Chef Michael Vogler embodies drive and dedication. His backstory is unique, inspiring, and motivating.
From dishwasher to the Executive Chef at Drift Kitchen + Bar inside of the Hutchinson Shores Resort & Spa, with a boasting menu that’s delicious and memorable.
It was a pleasure meeting Chef Michael. He was kind and excited to talk about food. If you get the opportunity to speak with him during your stay, you will see he exudes Southern charm and hospitality.
Interview With Chef Michael Vogler
Where did you train, and get your start as a chef?
Chef Michael Vogler: My first official position as a chef was at the Chart House in Savannah, Georgia, in 1985. The Chart House specialized in steak, seafood, lobster, and prime rib. This is where my interest in the culinary field began.
I started as a dishwasher, and on one fateful day, the broiler cook called out sick. I was asked to fill his spot on the line and took my place at the broiler for the first time. No food was sent back to the kitchen on that busy day, so the next morning I was offered the job full-time.
My experience can be deemed primarily self-taught. I worked my way up in the kitchen by holding a variety of positions until I received my chef license from the American Culinary Federation. It wasn’t the most conventional way of reaching my goals, but it worked, and I learned so much along the way.
How long have you been the Executive Chef at Hutchinson Shores Resort & Spa?
Chef Michael Vogler: I’ve been the Executive Chef at Hutchinson Shores Resort & Spa since it opened in 2017. Prior, I worked with Ocean Properties for eight years in multiple kitchens at multiple hotels.
What are your Top 5 recommended dishes currently at Drift Kitchen & Bar?
My #1 recommended dish is our Day Boat Scallops. These are jumbo, diver scallops that pack a lot of flavor on their own. We place them over a sweet shrimp risotto made with delicious peppers and key lime butter. It’s a hard dish to pass up and definitely my favorite.
My second dish recommendation is the Fettuccine Bolognese. Made with our house recipe butcher’s block, three-meat blend, and simmered with San Marzano tomatoes, fresh herbs, and roasted garlic, this dish is delicious. We toss that mixture with our housemade fettuccine and pecorino Romano cheese. It is always a crowd-pleaser.
My third recommended dish is our Blue Crab Crusted Grouper. We only use the freshest, local black grouper we can source, and then pan sear a fillet and top it with flavor-packed crab meat. Served alongside roasted garden vegetables, citrus butter sauce, and roasted Yukon potatoes, this plate is another one that is hard to beat.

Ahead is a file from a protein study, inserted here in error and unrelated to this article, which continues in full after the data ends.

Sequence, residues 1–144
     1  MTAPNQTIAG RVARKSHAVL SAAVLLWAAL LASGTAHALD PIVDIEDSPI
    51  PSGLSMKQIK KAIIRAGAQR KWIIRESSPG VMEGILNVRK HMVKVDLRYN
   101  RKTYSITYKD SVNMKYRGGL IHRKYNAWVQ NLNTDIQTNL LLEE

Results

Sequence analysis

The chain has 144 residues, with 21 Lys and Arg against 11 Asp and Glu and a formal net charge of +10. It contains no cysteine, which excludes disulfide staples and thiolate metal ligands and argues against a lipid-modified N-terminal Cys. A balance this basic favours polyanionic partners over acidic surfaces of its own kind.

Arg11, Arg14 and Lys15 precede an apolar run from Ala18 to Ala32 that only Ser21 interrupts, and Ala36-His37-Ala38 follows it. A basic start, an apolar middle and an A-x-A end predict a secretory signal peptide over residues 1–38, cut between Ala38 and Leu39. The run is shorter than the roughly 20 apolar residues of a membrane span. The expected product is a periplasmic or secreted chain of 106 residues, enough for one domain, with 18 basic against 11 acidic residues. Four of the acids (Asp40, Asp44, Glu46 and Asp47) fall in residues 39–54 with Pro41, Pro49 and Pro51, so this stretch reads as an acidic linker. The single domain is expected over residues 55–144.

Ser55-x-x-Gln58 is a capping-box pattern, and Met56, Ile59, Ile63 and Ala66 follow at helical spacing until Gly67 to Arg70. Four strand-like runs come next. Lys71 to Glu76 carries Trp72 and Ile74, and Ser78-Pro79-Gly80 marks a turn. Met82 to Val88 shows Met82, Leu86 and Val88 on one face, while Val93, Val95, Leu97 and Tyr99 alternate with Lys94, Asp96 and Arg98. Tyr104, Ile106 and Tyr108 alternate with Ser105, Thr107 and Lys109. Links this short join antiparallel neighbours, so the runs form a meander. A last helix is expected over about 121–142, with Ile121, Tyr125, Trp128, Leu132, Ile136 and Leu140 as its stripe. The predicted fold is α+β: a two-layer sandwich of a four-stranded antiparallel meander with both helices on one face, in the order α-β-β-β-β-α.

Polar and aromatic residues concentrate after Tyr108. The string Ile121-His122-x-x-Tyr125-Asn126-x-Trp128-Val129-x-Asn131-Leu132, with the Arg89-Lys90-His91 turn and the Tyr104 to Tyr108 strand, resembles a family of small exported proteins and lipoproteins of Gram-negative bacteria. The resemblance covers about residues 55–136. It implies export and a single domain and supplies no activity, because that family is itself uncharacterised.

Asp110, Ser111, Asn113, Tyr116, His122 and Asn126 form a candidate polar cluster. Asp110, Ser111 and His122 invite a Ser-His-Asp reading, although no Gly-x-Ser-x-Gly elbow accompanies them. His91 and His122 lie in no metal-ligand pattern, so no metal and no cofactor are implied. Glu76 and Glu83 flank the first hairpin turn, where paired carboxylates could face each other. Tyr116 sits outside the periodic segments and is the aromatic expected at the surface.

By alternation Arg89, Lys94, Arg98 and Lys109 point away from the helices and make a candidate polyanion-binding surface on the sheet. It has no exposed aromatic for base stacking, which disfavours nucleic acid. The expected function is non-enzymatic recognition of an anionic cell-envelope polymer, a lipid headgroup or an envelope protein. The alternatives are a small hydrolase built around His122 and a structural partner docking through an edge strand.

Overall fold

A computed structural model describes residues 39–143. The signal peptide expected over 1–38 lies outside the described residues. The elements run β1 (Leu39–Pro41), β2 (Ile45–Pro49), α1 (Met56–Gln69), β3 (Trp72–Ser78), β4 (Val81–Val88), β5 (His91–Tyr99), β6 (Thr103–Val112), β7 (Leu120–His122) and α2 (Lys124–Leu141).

My fourth recommendation on our menu is the Tuna Poke, served with fresh avocado, citrus ponzu, scallions, and crispy wontons.
My fifth menu recommendation is our House Special Meatballs made with our butcher’s block, three-meat blend, served in a San Marzano tomato basil marina, and topped with creamy whipped ricotta cheese.
Describe your food in three words.
Fresh. Local. Coastal.
Where did you grow up, and how did your upbringing help you create your palate?
Chef Michael Vogler: My father was in the military, so I grew up all over the place. The most memorable and influential place I have lived in is Savannah, Georgia, where I went to high school. There, I learned about southern cuisine and seafood since we were so close to the water.
I spent a lot of my time as a kid catching blue crab, shrimp, and fishing, and over time I developed a palate for seafood. My parents were both fantastic cooks, and the Spanish influence from my mother’s side and German influence from my father’s side worked their way into my palate.
Who is your dream guest you’d love to prepare a meal?
Chef Michael Vogler: Chef Thomas Keller. He started The French Laundry and many other restaurants.
What is the process of creating a menu for a high-volume restaurant?
Chef Michael Vogler: Creating a menu for a high-volume restaurant requires diversity in every category, from appetizers to entrees and even desserts. The goal is to ensure everyone who walks through our doors will find a plate they want to try.
It takes a lot of trial and error sessions in the test kitchen and the drive to find out what works best. The right menu can’t be so diverse that it doesn’t make sense. Therefore, we make sure all of our dishes encompass the singular theme of seafood-centric. Once you find that balance between diversity and continuity, you have a menu that pleases the masses.